* As you’ll recall, the ILGOP kicked out a Chicago GOP staffer from its office this week because the city party chairman is helping Rep. Jeanne Ives gear up to run against Gov. Rauner. City chairman Chris Cleveland wrote to the IL GOP’s State Central Committee this week and Illinois Review published it. Here’s an excerpt…
Four years ago, we ran candidates across the city for the purpose of generating enthusiasm and volunteers for phone calls and door knocks. In close coordination with the Rauner campaign, we flooded their offices with volunteers and executed 363,000 voter contacts, 263,000 of which were door knocks. We were able to raise Rauner’s vote in Chicago to 20.63%, just a hair above the magic 20% threshold. And he won.
If Rauner is on the ballot this fall, this won’t happen. Not because we wouldn’t want to; we’re loyal Republicans and Rauner over Pritzker would be an easy choice. It won’t happen because the state party has consistently undermined our efforts to recruit here, and because there is zero enthusiasm for this governor. Even prior to HB 40, we couldn’t get people to sign his petition.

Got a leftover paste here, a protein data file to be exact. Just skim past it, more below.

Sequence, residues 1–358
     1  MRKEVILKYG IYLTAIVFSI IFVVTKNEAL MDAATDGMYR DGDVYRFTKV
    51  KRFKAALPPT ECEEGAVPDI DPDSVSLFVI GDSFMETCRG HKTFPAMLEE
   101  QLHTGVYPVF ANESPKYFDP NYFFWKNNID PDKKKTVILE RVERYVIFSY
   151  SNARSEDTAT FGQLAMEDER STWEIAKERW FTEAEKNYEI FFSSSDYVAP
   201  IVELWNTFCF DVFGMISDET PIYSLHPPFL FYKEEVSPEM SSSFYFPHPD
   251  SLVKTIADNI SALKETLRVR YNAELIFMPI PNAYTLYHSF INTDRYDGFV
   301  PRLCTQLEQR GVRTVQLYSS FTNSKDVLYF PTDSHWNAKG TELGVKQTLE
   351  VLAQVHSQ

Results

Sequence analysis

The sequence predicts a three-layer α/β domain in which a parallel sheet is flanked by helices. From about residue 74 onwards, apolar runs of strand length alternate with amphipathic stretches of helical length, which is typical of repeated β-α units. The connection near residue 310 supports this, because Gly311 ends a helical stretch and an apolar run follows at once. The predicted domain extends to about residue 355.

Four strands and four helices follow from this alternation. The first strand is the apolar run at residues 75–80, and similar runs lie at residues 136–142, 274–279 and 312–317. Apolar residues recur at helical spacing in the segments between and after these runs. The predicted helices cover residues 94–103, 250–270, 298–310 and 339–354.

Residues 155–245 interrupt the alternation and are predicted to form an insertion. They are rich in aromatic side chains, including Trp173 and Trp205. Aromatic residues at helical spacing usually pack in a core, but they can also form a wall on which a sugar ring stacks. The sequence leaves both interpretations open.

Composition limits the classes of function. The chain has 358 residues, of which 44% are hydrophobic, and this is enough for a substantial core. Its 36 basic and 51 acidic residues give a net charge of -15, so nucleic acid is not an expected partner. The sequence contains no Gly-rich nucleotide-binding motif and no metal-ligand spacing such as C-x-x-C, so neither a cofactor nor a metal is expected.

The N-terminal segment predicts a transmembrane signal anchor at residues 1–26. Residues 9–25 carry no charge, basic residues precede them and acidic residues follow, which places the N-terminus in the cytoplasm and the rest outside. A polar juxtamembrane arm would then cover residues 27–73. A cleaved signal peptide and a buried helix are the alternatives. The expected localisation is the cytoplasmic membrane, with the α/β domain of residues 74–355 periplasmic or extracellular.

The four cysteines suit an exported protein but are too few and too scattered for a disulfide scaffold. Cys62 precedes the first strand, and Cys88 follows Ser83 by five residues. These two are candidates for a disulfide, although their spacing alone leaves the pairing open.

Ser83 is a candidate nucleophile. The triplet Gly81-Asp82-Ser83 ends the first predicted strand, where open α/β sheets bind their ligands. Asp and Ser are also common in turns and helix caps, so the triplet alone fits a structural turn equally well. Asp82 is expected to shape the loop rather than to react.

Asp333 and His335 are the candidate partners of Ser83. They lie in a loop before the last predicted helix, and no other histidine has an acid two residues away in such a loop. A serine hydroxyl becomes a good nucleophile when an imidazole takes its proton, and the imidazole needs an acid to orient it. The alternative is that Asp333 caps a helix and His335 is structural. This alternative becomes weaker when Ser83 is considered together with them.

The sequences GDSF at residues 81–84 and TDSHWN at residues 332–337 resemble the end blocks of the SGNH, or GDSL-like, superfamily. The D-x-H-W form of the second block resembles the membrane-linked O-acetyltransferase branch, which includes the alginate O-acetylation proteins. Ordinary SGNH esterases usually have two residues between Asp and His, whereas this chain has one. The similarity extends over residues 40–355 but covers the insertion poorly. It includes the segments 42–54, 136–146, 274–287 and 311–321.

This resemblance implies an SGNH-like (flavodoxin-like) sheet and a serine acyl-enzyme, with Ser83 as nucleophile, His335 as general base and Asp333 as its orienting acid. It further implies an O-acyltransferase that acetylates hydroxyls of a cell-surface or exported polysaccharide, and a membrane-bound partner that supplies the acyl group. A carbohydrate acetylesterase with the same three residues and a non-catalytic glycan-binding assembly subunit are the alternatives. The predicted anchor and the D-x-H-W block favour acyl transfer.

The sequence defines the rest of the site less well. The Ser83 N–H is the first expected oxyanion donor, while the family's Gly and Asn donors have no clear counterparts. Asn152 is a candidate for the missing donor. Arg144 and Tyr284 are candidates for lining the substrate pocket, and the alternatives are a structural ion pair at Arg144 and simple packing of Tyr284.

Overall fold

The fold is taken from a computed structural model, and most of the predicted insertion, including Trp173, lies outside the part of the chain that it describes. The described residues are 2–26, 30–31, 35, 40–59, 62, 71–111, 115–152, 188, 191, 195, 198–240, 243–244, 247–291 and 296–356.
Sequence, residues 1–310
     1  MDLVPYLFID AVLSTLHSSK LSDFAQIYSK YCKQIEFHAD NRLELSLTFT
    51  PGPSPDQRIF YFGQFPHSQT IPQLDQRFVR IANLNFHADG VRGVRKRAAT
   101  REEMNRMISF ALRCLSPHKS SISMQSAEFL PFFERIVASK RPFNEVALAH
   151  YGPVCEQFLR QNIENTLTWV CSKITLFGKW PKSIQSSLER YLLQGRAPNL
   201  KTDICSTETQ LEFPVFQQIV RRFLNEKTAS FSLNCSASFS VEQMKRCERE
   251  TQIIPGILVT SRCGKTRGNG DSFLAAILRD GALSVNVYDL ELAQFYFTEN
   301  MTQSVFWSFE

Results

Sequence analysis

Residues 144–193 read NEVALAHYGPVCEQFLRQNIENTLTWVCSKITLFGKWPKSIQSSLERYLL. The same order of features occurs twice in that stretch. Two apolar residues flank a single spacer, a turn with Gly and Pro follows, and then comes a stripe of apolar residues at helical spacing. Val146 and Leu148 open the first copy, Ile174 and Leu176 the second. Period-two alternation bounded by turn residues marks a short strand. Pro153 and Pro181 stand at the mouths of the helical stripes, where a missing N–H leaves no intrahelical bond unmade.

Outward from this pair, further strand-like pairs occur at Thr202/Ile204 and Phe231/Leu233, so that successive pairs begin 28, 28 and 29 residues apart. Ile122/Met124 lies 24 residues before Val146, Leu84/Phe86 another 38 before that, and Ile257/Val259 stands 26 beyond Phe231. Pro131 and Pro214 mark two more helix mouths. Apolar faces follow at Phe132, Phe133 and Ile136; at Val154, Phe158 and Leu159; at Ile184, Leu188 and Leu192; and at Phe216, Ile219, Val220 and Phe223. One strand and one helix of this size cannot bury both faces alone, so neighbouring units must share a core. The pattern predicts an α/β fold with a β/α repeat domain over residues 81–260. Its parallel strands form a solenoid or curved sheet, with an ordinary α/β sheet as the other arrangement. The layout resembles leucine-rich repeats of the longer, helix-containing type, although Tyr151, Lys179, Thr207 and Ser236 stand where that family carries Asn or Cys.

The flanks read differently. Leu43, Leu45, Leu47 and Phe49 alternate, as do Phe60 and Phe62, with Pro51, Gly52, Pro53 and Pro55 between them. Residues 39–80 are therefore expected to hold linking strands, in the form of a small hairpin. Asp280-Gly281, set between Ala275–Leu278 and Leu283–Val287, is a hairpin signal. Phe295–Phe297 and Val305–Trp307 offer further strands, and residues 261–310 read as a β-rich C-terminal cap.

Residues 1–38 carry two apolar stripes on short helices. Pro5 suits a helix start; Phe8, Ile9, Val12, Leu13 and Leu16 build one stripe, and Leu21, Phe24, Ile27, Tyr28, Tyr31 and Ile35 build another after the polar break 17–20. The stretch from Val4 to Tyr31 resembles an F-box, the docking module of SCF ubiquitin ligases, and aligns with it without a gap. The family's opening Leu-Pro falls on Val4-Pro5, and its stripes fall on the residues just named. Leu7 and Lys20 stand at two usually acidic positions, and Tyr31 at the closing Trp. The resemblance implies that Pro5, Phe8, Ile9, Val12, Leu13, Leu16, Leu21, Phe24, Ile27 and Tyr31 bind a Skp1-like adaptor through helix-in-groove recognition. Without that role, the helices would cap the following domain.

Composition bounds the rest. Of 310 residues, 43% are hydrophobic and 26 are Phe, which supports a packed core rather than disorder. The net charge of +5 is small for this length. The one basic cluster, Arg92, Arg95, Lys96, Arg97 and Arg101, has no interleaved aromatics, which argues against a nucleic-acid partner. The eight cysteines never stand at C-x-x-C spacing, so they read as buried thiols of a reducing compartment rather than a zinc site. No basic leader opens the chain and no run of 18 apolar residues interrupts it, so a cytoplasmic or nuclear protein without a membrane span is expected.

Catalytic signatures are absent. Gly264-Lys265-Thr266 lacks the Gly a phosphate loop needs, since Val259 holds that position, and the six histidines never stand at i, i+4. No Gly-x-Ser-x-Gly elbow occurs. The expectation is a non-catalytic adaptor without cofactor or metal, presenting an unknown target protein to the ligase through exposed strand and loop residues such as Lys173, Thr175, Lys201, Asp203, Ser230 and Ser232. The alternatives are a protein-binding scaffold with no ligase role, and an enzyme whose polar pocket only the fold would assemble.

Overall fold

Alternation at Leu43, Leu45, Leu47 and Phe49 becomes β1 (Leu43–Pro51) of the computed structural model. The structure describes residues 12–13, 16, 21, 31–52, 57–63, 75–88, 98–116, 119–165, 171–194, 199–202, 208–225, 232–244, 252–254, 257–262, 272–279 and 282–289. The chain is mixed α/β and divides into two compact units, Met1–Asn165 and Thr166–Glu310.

It’s past time for the state central committee to step in and right the ship. First, I ask that you prevail upon Bruce Rauner to stop the petty retribution. This is the Republican Party, not the mob, and it’s time for them to grow up.
Second, I ask that you consider separating the state party apparatus from the Rauner campaign. They are acting as one and the same, but our party is bigger than Bruce, and we have broader concerns than his personal well-being. Notably, we need to take back the House, and we have two very viable candidates for state rep in Chicago, both of whom *might actually win*. A party must support such activities.
Another week, and another Democrat lines up to run for Illinois Attorney General. The Republican Attorneys General Association (RAGA) Executive Director Scott Will released the following statement on Renato Mariotti’s announcement to seek the Democratic nomination.